El Greco - The Agony in the GardenFor anyone who has wrestled with this enigmatic, and at first reading, seemingly contradictory text in Luke while scratching their head and getting a migraine from all the possible problematic ethical implications that result (hope it’s not just me), I think you may be in for a treat (and a cure for your interpretive headaches, although, I might give you whole new ones). I hope to argue for a more coherent narratival and intertextual reading that provides answers to a number of exegetical problems and interpretive questions regarding such a controversial text in New Testament studies. Not only would this proposed reading be important for the study of earliest Christianity in its Early Jewish and Greco-Roman context, it would be especially important for those seeking to appropriate this text in the complicated discussions regarding violence and pacifism in contemporary Christian ethics.

I look forward to seeing many of you there. I’m anticipating an interesting and engaging conference (par for the HBU course) and a good time with friends old and new! Make sure and register for the conference here. You’d be hard pressed to get more bang for your buck at only $40.00 for the cost to register! A big thanks to my friend Ben Blackwell and the HBU crew for consistently hosting such great events like this one. See you there!

* ADDITIONAL NOTE * On Saturday March 21, I was honored with the news that my paper was also accepted by the Synoptic Gospels program unit of the Society of Biblical Literature’s annual meeting on November 21-24, 2015 in Atlanta. If you don’t catch it first in Houston, you can catch it then.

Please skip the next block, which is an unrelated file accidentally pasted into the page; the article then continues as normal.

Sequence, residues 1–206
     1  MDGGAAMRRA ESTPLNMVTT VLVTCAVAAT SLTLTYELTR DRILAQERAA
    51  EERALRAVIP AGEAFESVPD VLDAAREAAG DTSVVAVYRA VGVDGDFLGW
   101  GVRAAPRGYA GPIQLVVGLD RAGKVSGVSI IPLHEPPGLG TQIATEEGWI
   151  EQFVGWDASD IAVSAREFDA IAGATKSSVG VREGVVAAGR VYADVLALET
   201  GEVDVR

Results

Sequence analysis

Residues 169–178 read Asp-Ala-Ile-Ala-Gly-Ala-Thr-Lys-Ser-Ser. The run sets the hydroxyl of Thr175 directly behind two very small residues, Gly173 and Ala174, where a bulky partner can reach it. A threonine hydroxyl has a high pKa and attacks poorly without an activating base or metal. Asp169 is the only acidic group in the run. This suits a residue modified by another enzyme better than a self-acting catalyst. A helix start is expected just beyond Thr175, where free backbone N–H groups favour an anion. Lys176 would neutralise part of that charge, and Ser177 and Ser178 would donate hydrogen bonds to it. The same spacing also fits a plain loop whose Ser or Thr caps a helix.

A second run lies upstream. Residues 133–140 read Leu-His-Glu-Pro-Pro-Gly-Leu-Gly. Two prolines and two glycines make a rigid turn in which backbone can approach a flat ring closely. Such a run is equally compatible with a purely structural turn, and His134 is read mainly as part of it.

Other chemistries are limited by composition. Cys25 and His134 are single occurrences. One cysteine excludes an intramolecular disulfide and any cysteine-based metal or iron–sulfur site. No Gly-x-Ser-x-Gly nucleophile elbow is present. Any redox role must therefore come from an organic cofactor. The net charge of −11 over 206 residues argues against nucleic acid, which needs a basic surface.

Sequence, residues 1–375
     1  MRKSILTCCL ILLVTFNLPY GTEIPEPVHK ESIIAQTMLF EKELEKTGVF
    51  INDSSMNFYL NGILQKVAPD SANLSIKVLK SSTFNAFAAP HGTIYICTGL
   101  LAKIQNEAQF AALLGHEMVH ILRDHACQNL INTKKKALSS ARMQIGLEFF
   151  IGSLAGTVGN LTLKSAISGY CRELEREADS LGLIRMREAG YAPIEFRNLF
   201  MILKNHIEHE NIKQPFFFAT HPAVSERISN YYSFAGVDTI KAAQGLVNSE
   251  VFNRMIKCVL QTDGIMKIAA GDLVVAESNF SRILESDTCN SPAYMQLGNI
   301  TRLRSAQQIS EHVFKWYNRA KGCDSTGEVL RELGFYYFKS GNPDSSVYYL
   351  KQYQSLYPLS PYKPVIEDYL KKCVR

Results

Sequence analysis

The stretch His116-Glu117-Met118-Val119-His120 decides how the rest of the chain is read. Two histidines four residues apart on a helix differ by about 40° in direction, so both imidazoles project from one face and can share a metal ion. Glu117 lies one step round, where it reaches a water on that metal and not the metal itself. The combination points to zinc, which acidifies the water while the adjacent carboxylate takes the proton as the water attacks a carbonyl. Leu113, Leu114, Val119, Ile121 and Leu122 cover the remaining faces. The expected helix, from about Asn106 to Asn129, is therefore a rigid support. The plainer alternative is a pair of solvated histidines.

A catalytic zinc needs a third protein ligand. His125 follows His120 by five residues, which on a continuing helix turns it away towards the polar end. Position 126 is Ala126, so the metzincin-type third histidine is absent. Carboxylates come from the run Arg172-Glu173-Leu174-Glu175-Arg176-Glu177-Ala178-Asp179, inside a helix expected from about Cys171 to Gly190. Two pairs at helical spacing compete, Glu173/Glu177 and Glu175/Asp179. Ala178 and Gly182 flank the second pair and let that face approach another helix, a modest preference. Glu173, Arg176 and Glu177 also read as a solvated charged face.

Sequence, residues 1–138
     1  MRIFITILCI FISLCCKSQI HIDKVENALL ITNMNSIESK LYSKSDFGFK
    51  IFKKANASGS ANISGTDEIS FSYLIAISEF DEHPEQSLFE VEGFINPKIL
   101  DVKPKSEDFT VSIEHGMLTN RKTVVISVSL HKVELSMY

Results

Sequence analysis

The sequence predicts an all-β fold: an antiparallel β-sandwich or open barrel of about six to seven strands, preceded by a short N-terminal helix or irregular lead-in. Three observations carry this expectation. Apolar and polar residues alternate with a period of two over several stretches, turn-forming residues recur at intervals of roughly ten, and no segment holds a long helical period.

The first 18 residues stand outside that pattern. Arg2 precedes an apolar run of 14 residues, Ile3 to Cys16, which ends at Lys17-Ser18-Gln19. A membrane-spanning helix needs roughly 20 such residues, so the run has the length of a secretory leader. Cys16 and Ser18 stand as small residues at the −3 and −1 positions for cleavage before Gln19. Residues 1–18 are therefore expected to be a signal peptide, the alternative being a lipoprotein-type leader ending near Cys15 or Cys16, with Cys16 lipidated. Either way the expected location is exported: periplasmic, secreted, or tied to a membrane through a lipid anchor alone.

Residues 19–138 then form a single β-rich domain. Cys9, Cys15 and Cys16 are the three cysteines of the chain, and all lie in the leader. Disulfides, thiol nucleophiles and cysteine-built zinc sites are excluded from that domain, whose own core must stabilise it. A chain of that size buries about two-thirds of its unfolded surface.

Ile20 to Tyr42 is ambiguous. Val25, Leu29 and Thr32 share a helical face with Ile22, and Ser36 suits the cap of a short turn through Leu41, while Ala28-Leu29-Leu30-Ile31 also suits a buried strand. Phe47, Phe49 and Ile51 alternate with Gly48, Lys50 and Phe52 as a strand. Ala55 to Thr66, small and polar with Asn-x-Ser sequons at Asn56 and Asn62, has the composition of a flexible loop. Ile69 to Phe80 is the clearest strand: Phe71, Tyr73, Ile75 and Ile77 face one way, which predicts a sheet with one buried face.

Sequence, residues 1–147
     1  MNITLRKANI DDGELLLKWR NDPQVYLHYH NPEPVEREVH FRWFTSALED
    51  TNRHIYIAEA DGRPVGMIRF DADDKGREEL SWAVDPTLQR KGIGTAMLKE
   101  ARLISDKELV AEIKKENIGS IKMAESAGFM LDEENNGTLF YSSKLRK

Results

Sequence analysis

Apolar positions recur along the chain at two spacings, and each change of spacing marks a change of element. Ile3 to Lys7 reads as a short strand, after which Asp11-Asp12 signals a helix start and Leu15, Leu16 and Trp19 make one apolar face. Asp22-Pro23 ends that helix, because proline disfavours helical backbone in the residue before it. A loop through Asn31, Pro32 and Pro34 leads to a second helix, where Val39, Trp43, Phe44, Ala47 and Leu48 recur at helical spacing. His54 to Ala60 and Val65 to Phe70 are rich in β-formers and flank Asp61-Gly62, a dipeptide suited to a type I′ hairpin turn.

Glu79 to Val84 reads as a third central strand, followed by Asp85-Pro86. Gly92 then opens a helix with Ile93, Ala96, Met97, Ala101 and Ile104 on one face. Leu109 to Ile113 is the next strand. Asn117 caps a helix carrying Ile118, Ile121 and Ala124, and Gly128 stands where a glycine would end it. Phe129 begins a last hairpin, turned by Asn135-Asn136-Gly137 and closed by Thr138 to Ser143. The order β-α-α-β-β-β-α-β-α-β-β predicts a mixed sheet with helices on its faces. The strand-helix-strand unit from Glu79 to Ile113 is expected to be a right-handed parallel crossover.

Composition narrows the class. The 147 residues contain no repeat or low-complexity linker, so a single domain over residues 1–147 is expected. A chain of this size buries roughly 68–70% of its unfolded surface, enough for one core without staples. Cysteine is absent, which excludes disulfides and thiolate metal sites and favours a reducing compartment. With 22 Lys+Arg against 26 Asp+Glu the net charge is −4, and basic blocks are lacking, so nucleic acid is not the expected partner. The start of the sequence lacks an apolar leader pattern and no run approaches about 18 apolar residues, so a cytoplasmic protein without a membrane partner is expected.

Clement of Rome and the Unity of the Chosen of God

Clement of RomeWhen reading the Apostolic Fathers such as 1 Clement as a biblical studies student, my first knee jerk reaction is to read it with the excessively critical lenses of one who is searching for theological trajectories that can be traced from the scriptures to these deuterocanonical texts and do comparative work in order to be able to say something about the authorial conception of God.  Last night, to my own amazement I must admit, I did not read the text in this way.  I just layed back comfortably in my bed, tired from a long day, and said “hey, why not read some 1 Clement (if you are thinking random, I know)?”

Surprisingly enough I was encouraged and lifted up at the choice words of one of our fathers in the faith.  After reading the opening of the letter, presumably written to the Corinthian church from the church in Rome, I was struck with its overwhelming focus: a plea for the unity of the people of God and the warning against the sin that would separate us from each other and from the Lord.  Scripture was coming to mind as I was struck by these words of the first verse: